Virginia is among the majority of states that utilize the equitable distribution standard for splitting up assets and debts during divorces. This means the courts will take a close look at your family’s financial and employment circumstances before deciding the fairest and most reasonable way to split both the assets and the debts from your marital estate.
The process of determining what is marital and separate property can have a drastic impact on who retains what in a Virginia divorce. Understanding how the courts differentiate between marital and separate property can help you set your expectations for the asset division process and ensure that you advocate for the best possible outcome given your family’s circumstances.
Marital property generally includes anything earned or acquired during the marriage
When you get married, you legally bind yourself to another person in a way that impacts everything, including your financial and ownership rights. Unless you go into the marriage with an ironclad prenuptial agreement signed by both parties, the chances are very high that any assets you acquired during the marriage will be subject to division in the event of a divorce.
Regardless of who earns more money, the total income for the household gets shared between both spouses, as do any other assets you acquired using that income. Non-financial assets, including employer-sponsored benefits and pension benefits that will only become available after a certain age, are also typically shared benefits when it comes to the amount accrued or earned during the marriage.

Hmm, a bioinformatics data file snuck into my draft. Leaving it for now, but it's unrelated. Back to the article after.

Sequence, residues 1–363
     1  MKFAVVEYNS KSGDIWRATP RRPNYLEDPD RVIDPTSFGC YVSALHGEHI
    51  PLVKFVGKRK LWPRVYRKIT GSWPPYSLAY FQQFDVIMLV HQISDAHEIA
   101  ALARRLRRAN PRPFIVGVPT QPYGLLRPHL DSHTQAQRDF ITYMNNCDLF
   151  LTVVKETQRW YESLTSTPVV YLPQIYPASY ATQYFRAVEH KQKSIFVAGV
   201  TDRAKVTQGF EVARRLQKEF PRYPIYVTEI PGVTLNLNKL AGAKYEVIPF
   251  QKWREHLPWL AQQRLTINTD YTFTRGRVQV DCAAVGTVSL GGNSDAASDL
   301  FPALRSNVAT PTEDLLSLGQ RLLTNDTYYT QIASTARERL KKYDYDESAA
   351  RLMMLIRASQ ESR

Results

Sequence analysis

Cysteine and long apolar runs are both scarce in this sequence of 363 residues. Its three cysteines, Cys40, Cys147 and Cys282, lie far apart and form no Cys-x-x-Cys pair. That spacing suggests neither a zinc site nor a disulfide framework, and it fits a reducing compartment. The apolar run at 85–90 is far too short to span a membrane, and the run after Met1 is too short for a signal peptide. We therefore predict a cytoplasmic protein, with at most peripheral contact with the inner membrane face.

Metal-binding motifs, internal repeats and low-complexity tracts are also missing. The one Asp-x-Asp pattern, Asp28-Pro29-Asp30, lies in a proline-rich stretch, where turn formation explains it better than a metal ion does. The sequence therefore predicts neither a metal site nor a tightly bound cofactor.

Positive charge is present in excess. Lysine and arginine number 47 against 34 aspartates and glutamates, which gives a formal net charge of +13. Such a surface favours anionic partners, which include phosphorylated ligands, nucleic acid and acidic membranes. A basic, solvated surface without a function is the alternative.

What remains separate property in a Virginia divorce?
Separate property generally includes assets acquired prior to marriage or in other, limited circumstances. The property and savings that you owned prior to marriage were your separate property, and those assets usually remain separate unless you commingle them with marital assets.
Adding your spouse to your bank account, for example, could turn previously separate funds into marital funds. Similarly, depositing separate assets into marital or shared bank accounts could also result in commingling that leaves those assets vulnerable to division in a divorce.
Assets you owned prior to marriage and gifts that you received from someone outside of your marriage, such as a parent or sibling, typically remain separate property, as does an inheritance left to only one of the two spouses. In both of these cases, however, commingling can potentially endanger separate assets and leave them vulnerable to claims by the other spouse.
You can have a better estimate of what your marital assets’ worth and what a reasonable share could be yours if you review the date that you acquired different assets and what funds were used for their purchase.